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The Tilted World
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Group Reads: Post-1990 > Final Impressions: The Tilted World by Franklin/Fennelly: September 2018

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message 1: by Tom, "Big Daddy" (new) - rated it 4 stars

Tom Mathews | 2749 comments Mod
Comments on this board are made with the assumption that readers have finished the book and may include spoilers.


Sara (phantomswife) | 1394 comments Here is my review: https://www.goodreads.com/review/show...

In the end, I could not overcome what I saw as a very weak ending. I cannot help feeling that Tom Franklin is better at his craft when practicing it alone. This felt tempered in a way that his other works do not. Did a single event at the end surprise anyone? Did it not seem ridiculously fortuitous that they should come upon Jeanette in the hospital and recover the child so easily? Did it strike anyone besides me that Dixie Clay's injuries were severe, or not, as suited the needs of the plot?

I give high marks to the writing up to the final section, the building of the characters felt rich and then they seemed to morph into stereotypes, particularly Jesse, who went from a charming womanizer and a bootlegger who would stop at nothing to protect his income to a man who would kill every person he knew, man woman and child, to obtain a political office. I liked him better as a character when he had dimension, two-sided, like his eye-color.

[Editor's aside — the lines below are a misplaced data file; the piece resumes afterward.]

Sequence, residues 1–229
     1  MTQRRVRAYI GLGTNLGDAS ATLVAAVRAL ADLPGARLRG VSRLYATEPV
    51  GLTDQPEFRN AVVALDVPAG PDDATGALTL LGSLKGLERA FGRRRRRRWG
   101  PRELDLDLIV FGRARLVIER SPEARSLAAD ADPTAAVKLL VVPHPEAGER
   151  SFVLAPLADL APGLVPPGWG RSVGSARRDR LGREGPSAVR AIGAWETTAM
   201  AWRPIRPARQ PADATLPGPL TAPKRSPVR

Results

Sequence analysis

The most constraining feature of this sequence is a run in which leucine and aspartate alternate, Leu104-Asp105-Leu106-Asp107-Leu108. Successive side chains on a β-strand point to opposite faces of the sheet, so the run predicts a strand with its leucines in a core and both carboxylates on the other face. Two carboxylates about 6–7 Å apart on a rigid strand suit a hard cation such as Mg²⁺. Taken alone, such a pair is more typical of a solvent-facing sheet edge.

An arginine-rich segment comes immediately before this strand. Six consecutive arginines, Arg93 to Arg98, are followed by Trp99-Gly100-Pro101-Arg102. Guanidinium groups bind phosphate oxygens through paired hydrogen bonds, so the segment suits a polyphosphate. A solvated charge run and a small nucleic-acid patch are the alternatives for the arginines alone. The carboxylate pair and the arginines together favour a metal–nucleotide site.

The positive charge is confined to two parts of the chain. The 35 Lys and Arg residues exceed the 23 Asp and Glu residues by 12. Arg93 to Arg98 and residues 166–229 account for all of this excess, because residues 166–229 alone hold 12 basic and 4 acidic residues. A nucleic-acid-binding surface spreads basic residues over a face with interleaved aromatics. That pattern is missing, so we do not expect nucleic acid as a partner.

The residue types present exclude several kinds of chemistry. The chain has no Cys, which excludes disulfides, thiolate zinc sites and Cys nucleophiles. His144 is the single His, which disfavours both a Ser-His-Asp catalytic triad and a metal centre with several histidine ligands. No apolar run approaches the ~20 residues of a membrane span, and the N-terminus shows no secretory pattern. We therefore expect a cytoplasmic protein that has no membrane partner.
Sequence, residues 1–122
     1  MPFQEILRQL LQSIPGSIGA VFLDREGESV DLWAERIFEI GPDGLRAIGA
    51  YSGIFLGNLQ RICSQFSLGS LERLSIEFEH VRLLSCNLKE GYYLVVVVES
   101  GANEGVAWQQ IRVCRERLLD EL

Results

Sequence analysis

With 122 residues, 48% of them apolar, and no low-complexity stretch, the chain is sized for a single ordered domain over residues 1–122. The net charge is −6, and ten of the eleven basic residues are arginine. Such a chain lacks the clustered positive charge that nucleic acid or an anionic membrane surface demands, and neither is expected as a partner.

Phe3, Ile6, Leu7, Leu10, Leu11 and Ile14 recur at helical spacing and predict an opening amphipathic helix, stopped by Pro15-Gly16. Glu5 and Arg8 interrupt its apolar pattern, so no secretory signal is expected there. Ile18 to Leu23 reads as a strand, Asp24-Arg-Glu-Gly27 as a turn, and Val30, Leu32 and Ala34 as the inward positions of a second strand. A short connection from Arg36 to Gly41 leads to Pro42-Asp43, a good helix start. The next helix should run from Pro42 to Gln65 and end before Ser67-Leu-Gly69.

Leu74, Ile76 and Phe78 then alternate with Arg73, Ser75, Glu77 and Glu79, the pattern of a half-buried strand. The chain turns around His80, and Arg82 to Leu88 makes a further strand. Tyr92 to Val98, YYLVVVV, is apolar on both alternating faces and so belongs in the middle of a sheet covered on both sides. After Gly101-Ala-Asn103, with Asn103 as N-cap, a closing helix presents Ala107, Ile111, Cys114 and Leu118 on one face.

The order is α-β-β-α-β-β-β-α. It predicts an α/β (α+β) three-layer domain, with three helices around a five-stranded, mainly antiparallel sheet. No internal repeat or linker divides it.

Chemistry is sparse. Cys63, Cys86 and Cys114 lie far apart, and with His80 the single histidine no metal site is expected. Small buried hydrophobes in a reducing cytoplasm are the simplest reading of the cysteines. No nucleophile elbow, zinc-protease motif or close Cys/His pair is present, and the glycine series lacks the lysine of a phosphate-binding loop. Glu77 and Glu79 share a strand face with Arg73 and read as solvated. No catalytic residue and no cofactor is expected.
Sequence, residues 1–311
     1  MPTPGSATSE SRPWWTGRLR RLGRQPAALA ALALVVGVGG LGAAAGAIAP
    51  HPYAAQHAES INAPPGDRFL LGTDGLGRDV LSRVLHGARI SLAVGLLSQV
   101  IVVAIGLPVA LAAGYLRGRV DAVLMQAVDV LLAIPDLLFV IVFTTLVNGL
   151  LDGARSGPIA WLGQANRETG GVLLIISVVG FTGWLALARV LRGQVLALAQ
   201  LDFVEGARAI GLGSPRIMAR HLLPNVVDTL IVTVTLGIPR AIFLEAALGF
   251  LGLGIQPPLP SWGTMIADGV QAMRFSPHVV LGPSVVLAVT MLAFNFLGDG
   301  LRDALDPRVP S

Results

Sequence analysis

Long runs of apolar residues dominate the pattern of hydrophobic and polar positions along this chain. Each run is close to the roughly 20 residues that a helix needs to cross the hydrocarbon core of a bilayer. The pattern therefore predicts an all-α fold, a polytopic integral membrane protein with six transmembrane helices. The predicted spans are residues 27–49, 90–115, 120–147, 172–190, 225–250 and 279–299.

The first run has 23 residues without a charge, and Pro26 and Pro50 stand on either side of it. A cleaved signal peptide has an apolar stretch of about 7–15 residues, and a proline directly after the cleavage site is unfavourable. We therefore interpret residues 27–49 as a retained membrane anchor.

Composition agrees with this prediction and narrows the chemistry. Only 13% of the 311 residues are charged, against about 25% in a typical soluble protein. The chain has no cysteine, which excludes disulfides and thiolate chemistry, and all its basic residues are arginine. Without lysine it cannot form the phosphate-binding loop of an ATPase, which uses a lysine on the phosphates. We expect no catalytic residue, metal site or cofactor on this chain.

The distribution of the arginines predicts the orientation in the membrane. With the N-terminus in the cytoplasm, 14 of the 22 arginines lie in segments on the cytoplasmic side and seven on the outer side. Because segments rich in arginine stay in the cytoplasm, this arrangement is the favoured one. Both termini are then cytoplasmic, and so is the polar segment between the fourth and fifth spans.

message 3: by Lawyer, "Moderator Emeritus" (new) - rated it 4 stars

Lawyer (goodreadscommm_sullivan) | 2699 comments Mod
I read The Tilted World upon its original publication. Franklin's been quiet since co-writing this one with His wife. He edited Mississippi Noir which was released in July, 2016. My review is HERE.


message 4: by Laura, "The Tall Woman" (new) - rated it 3 stars

Laura | 2280 comments Mod
He has been quiet. Would love a new one from him. Mississippi Noir was good.


Camie | 105 comments I liked this book more than expected. Even though we didn't find out a lot about the great flood and a few of the details and situations as Carol mentions above did feel contrived, there were some really great characters here. Ham and Ingersoll were great ones.
Now I need to read Crooked Letter, Crooked Letter.


message 6: by Lawyer, "Moderator Emeritus" (new) - rated it 4 stars

Lawyer (goodreadscommm_sullivan) | 2699 comments Mod
Camie wrote: "I liked this book more than expected. Even though we didn't find out a lot about the great flood and a few of the details and situations as Carol mentions above did feel contrived, there were some ..."

I always considered Crooked Letter, Crooked Letter Franklin's break through novel. It's a great read. Hope you will enjoy it!


message 7: by Lawyer, "Moderator Emeritus" (new) - rated it 4 stars

Lawyer (goodreadscommm_sullivan) | 2699 comments Mod
Laura wrote: "He has been quiet. Would love a new one from him. Mississippi Noir was good."

Interesting that Beth Ann Fennelly has routinely turned out successive volumes of poetry while Franklin has remained so quiet.


Cathrine ☯️  | 753 comments I finished last night and had pretty much the same response as Sara.